Olive Garden stabbing in Winnipeg was targeted, Muslim community says

The 18-year-old woman stabbed in the neck while working at Olive Garden last month, suggests she was targeted as a Black Muslim woman. Despite police describing this as a random attack, Winnipeg’s Muslim community is asking them to take another look.

It has been more than a month since police were called to an Olive Garden restaurant in the first 100 block of Reenders Drive on the evening of June 8. At the time police said a suspect, without warning or provocation, repeatedly stabbed a woman – later confirmed to be an employee at the restaurant.

Members of Manitoba’s Muslim community believe the stabbing of an 18-year-old woman was a hate crime. They want Winnipeg police to probe further.

“I was appalled and my community is equally appalled by the haste with which the police reached a conclusion,” Abdikheir Ahmed, a community advocate, said Tuesday.

Police described the June 8 attack as random and unprovoked. Officers charged 27-year-old Robert Alan Ingram with aggravated assault and possession of a weapon.

The Muslim community said the investigation’s outcome and charges came before police were able to interview the victim – a Black Muslim woman, who feels there was nothing random about the attack.

A statement from the woman, a high school student at the time, was read at a news conference Tuesday.

“None of the other people in the Olive Garden that night were Black, Muslim or wearing a hijab, but I was and he was staring at me,” the statement from the woman reads.

She said the staring lasted for what felt like a half hour before the man left and later returned with a knife, stabbing her in the neck, torso and arms.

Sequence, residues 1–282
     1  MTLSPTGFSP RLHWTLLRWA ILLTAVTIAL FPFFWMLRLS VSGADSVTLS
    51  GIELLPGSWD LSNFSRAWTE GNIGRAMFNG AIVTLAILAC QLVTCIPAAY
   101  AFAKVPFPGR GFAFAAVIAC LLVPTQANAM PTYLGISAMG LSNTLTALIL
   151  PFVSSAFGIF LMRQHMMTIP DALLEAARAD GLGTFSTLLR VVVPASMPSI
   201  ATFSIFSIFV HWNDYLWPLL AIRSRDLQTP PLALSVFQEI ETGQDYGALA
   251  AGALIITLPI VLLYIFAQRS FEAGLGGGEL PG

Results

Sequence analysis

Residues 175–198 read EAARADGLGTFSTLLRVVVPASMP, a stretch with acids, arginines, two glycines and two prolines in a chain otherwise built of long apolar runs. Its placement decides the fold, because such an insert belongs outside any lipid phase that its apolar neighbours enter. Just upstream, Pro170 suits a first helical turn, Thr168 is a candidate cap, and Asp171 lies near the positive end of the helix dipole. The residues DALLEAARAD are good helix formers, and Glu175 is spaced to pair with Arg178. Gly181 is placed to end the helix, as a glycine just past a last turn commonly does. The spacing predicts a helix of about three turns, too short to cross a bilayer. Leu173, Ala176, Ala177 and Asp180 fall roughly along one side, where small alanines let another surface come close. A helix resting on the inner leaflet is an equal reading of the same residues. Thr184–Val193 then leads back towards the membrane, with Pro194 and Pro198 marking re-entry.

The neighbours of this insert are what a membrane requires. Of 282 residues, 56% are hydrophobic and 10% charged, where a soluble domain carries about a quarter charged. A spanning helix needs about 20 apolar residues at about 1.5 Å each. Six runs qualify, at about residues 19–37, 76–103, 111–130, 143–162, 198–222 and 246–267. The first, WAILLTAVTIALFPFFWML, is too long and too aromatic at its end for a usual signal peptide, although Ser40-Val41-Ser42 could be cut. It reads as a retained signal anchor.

“This man who attacked me seemed to target me, he didn’t go on a random stabbing spree,” the woman said in her statement.

For this reason, the community wants to know why police called it a random attack and why it’s not considered a hate crime.

MPs Leah Gazan and Terry Duguid echoed the calls for the police to take a second look.

“June 8th has all the hallmarks of an act of hate, targeted towards a young woman,” Duguid said.

“We cannot minimize what occurred as just a random attack,” Gazan said.

Winnipeg Police Chief Danny Smyth said the term random means the suspect and victim did not know each other, and added that even taking into account the victim’s information, he is satisfied the investigation was thorough.

“What I’m telling you is there is no evidence that supports you know it being motivated by a hate crime,” Smyth said Tuesday.

The investigation aside, the Muslim community is also highlighting a rise in hate against its members and other minority groups.

“A high percentage of Muslims have experienced verbal, even physical attacks because of their faith,” said Yusif Sufi, with the Islamic Association of Canada.

City councillor Brian Mayes was at the news conference representing the city. He said he plans on raising this with Police Board Chair Markus Chambers and Mayor Scott Gillingham who also sits on the police board to get a briefing on how police reached its conclusions. 

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